Through the last five years, actors of the Danish music environment have been debating the status of rhythmic music in Denmark. The debate has been evolving around the topic ‘a na-tional scene for rhythmic music’ - whether this scene will be the solution to problems such as bad acoustic conditions on the Danish live venues, lack of audience capacity, professionaliza-tion of the live venue managements and the development of new business models, or whether a national scene of rhythmic music will undermine the Danish tradition for a decen-tralized model with state subsidies to a large number of live venues through out the country, or become a national conservative, outdated symbol etc. We consider the debate about the national scene as a policy area with different actors who represent a wide range of actors of the Danish music environment, e.g. live venues, members of parliament, experts, and interest groups. Each of these actors has their own agenda. We have labelled the debate as the struggle for the national scene of rhythmic music. To be able to look inside this ‘black box’ and understand what the struggle is about and what is happen-ing in the policy process we have collected empirical data through interviews and article search on the topic. Furthermore we have based the analysis on institutional theories. The main question of the thesis is: What kind of ‘struggle’ takes place in the debate for a na-tional scene of rhythmic music? In chapter 3 we have outlined the main events concerning the debate of a national scene for rhythmic music in Denmark. The timeline dates back to 2004 and up to present time. In chapter 4 we have analyzed the structures and processes of the debate with Nikolaos Za-hariadis’ Multiple Stream Framework. The model is based on garbage can theory and identify multiple streams of problems, politics and policies with each their significant features. In the problem stream we have identified e.g. focusing events such as Vega promoting an Mega Vega agenda and an agenda where Vega is the national scene of rhythmic music; ‘Tænketank for Rytmisk Musik’ recommending a national scene; the live venues’ financial problems; the political parties S, SF and R publishing “Op på beatet”; and the arts council recommending the concept ‘development laboratory’. And problem loads such as e.g. the financial crisis. In the politics stream we found that the financial politics has high priority and there is a preference for incremental processes through coordination on all levels. In the policy stream we identi-fied that Vega has the competences, the capacity and a sustainable business model to be both a national scene and a development laboratory. In the policy process we identified the following policy entrepreneurs: Vega as a legitimate actor with authority. Vega is a meta gov-ernor with strong capacity to fusion art and business; Tænketank for Rytmisk Musik is a meta governor who is able to establish dialogue processes and create common worldviews; the arts council is a game maker who act as both a part of the political system and the Danish music environment; the music environment who generally is characterized by a low degree of integration and a dependency on single actor action; and the politicians in the cultural subsystem who we have identified as both policy makers and policy entrepreneurs. To make it pos-sible to create new policy outputs the actors is dependent on the policy window and the pol-icy window is identified to be couplings based on the national mood and a preference for incremental processes which are characterized by inclusion and the primacy of the financial politics. The policy process has not to this date resulted in any policy outputs. In chapter five the focus is shifting from the structures and processes to the actors. Here we will analyze actor coalitions and their ability to strategize the decision making process on gov-ernmental level. The analysis is based on Paul A. Sabatier and Christopher M. Weible’s Advo-cacy Coalition Model and the model’s theoretical foundation is network theory. We have identified three actor coalitions: The actors of coalition A have a national scene of rhythmic music as their policy agenda. Timing becomes the problem of this agenda. The policy makers and policy entrepreneurs, the political actors, are not willing to push the policy process fur-ther during the financial crisis because they thereby will loose political legitimacy. The policy entrepreneurs, Vega and The Danish Chamber of Commerce, do not posses enough authority and capacity to push the policy process further because of the political resistance. The actors of coalition B have a development laboratory as their policy agenda, and they achieved partial success in the policy process since the arts council has adapted their policy agenda as part of the arts council’s tasks. The coalition is week though because it has a low degree of mutual integration. Coalition C is one single actor who is opposing the idea of a national scene of rhythmic music because of the concept’s centralistic and elitist implications. In Chapter six we will reflect the development of the policy making process with a parallel process in Norway where a national scene for jazz has been established. Furthermore we will focus on the capacity, legitimacy and authority of the actors based on the three institutional schools: rational, sociological and historical institutionalism, on a background of the results of the analysis in chapter 4 and 5. Finally in chapter seven we conclude that the struggle that takes place in the debate for a national scene of rhythmic music is a policy area characterized by unclear preferences and therefore unclear goals. As a consequence of the financial crisis this struggle has now been replaced by a debate concerning a development laboratory as the legitimate answer to a new area of challenges.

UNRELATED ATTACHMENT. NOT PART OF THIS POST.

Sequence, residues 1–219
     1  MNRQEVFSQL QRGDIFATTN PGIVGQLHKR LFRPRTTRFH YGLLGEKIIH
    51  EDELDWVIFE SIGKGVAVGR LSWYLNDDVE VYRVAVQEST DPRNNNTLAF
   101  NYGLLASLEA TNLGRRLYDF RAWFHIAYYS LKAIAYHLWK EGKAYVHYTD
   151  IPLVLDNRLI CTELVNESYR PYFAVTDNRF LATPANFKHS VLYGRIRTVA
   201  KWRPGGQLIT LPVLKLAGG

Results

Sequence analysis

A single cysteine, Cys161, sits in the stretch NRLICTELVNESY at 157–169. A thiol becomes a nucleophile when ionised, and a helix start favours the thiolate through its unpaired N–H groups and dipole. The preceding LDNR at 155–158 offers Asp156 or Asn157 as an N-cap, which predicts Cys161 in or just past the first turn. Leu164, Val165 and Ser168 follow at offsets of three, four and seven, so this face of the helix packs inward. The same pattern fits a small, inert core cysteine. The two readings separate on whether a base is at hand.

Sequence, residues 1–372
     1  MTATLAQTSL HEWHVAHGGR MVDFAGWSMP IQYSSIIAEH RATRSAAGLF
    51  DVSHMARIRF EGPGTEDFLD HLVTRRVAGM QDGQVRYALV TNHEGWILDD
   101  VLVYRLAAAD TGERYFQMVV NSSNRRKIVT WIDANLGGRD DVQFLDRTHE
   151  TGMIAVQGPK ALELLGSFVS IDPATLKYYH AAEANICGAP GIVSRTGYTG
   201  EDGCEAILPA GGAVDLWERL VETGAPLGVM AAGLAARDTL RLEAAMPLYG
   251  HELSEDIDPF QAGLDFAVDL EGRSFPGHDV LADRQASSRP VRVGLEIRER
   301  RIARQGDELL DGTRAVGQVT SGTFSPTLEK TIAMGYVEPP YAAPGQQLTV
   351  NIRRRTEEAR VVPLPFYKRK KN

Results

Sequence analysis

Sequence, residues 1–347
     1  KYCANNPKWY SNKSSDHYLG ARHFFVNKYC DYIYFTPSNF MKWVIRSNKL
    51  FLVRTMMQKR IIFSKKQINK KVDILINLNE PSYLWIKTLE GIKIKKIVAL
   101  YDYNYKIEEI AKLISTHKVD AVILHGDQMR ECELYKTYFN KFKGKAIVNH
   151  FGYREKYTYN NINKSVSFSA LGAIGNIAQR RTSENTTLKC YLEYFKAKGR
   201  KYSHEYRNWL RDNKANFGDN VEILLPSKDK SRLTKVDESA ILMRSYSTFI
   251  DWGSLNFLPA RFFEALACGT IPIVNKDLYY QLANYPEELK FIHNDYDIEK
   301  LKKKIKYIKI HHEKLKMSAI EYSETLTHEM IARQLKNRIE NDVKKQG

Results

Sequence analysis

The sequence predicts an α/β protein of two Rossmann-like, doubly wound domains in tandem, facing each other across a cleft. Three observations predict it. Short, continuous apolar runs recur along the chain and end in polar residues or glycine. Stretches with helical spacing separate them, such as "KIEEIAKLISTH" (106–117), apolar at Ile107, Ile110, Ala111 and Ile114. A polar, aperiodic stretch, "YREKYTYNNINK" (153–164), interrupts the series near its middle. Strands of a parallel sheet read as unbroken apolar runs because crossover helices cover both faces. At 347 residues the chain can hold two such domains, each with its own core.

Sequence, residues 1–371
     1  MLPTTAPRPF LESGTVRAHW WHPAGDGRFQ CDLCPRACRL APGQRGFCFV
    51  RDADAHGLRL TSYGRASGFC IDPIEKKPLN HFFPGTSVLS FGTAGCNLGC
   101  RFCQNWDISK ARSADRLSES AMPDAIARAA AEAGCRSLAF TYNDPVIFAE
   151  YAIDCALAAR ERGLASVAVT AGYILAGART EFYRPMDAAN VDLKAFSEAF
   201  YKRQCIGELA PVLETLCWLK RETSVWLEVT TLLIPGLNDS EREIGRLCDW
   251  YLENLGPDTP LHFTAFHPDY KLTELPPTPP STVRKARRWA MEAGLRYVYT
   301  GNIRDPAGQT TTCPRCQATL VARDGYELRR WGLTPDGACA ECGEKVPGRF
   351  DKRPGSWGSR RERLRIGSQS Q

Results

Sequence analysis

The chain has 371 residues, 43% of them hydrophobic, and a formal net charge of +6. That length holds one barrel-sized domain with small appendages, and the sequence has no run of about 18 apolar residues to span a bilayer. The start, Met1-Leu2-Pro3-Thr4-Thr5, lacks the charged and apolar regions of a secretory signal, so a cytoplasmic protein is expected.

|Educations||Master of Public Administration, (Executive Master Programme) Final Thesis|
|Number of pages||116|